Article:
Showman: New Yorker Profile of Sam Mendes

Posted in the good with tags , , , , , , , on October 14, 2018 by Qalandar

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Excerpts: ““The director as a concept, as a cultural phenomenon, is dying,” he said. “Coppola of ‘The Godfather,’ Scorsese of ‘Taxi Driver,’ Tarantino of ‘Pulp Fiction’—these figures are not going to emerge in the way they did in the twentieth century. The figures who are going to emerge will come out of long-form television.” He continued, Continue reading

NewYorker.Com Review: Richard Brody on The First Man

Posted in the good with tags , , , , , , on October 11, 2018 by Qalandar

“The one scene that embodies the sixties onscreen is, to my mind, among the most contemptible scenes in recent movies. It takes place midway through the action, when Congress begins to question the value of the space program. Neil is dispatched to represent nasa in a meeting at the White House, where senators fret about “taxpayer dollars,” and while there he is summoned to the phone and informed of the deaths of three astronauts in an Apollo test. The point is clear: that the astronauts are risking their lives while Congress is counting beans and playing politics.  Continue reading

Ethan Hawke Profile (New York Times)

Posted in the good with tags , on September 3, 2018 by Qalandar

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Now he’s 47, but when he was much younger, Ethan Hawke read “Cassavetes on Cassavetes,” the indie filmmaker bible, and then went to hear the author’s widow, Gena Rowlands, speak. She looked out at the crowd and laughed. She said John Cassavetes was always disappointed because nobody would finance his movies; he’d always felt dismissed and disregarded. “‘And now here you guys are making a big deal out of him,’” he remembered her saying. She said that was nice, but that they shouldn’t miss the point. “‘Make a big deal of yourself.’ You know? Whatever indifference the world gives you, he felt it, too. So you’re just as good as he is. Like, go out and do it.”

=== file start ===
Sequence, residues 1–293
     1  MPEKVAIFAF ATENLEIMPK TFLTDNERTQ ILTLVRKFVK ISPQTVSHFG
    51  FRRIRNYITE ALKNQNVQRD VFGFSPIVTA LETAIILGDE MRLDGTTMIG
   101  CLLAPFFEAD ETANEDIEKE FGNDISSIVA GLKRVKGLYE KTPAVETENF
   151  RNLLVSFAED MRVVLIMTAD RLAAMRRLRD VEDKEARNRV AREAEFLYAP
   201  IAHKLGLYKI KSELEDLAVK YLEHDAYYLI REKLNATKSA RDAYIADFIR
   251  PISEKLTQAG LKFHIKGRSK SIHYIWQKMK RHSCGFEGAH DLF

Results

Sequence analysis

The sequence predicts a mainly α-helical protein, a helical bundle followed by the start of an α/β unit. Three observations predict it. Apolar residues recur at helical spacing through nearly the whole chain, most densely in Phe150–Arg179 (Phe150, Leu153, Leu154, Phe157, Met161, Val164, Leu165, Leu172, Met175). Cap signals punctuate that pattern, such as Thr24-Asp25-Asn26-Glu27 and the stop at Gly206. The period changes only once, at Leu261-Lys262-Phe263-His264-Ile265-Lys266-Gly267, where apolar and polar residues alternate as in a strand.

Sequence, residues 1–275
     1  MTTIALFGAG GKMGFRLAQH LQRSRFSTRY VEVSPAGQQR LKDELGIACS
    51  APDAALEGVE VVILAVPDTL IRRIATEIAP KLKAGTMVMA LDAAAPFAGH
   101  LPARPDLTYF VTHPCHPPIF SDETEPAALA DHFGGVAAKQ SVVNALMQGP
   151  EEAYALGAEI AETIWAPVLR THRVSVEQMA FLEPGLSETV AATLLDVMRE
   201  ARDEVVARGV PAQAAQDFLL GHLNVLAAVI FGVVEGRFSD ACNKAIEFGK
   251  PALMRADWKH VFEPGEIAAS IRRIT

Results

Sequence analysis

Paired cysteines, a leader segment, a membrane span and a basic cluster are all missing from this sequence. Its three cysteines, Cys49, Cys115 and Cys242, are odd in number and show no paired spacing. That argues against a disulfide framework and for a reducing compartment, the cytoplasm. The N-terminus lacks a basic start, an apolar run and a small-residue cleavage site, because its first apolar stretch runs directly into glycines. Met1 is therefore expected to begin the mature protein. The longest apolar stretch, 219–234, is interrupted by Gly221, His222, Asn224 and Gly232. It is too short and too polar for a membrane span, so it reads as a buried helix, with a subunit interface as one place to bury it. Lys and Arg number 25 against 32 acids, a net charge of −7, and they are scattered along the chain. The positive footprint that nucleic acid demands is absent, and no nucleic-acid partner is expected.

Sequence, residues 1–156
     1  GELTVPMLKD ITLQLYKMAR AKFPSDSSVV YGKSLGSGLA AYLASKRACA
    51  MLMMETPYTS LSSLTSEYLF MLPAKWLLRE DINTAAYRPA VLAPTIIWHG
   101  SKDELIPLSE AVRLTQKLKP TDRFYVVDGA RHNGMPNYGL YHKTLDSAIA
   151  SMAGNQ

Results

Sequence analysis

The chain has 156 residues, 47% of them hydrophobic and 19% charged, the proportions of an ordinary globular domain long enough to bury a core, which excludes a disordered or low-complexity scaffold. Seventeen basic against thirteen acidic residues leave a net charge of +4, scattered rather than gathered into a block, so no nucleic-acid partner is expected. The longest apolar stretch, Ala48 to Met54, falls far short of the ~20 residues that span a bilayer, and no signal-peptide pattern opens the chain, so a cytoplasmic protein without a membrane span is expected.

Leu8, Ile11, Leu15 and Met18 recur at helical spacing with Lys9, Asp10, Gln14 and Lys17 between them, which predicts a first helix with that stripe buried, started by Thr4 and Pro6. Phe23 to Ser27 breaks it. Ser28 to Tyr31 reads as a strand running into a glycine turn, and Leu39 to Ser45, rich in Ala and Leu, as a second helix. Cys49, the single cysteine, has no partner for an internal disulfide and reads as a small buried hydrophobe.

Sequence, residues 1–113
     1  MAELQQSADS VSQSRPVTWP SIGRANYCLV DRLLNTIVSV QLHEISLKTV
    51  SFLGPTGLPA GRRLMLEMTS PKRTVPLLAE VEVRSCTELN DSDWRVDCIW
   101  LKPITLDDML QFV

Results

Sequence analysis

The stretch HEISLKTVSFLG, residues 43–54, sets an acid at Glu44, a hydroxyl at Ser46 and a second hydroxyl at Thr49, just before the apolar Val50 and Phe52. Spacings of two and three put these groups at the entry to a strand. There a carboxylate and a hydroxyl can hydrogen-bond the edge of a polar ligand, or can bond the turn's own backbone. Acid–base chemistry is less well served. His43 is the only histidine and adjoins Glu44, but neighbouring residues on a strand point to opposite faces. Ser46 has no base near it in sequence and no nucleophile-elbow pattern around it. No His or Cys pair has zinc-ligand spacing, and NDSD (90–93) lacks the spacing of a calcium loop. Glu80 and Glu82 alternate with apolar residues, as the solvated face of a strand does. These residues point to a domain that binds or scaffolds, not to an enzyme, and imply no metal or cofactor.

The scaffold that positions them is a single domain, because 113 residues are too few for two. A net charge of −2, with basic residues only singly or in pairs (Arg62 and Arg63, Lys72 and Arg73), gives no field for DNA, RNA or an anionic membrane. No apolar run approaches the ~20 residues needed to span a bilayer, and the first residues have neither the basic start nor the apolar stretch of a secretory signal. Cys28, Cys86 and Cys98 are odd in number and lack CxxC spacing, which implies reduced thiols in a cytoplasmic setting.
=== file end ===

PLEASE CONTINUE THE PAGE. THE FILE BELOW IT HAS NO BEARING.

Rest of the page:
Mr. Hawke found that so moving, the idea of ignoring what the world was telling you about yourself and instead living only by standards that you had, yourself, carefully defined for your life and work. He vowed right then that he would do whatever it took to make good art on his own terms, no matter what anyone said. He would take himself seriously, even if no one else did.

Read the complete piece HERE.

How Superheroes Made Movie Stars Expendable (New Yorker, May 28, 2018)

Posted in Refugee, the good with tags , , , , , on July 9, 2018 by Qalandar

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[A thought-provoking and informative piece (with far broader implications than its title might suggest), that ties into several themes that have been the subject of discussion on this site over the years — Qalandar]

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Excerpts: “…When movies were mostly one-offs—and not spinoffs, sequels, reboots, or remakes—they had to be good. A little blunt, too, maybe. Conjuring a universe out of nothing, bringing it to crisis and back again, all in under two hours, required, if nothing else, craftsmanship on a level admired even by European snobs. Continue reading

Harvey Weinstein’s Accusers Tell Their Stories (New Yorker)

Posted in the good with tags , , , , , , on October 10, 2017 by Qalandar

It’s hard to believe that this sort of conduct could remain out of the public eye for this long if it weren’t part of a wider problem in the industry, and the forms of exploitation that we all know have formed part and parcel of the film industries all over the world.  Even as we digest the allegations against Weinstein, we would do well to remember that this offers a glimpse into the system, and should not interpret this simply as an aberration — Qalandar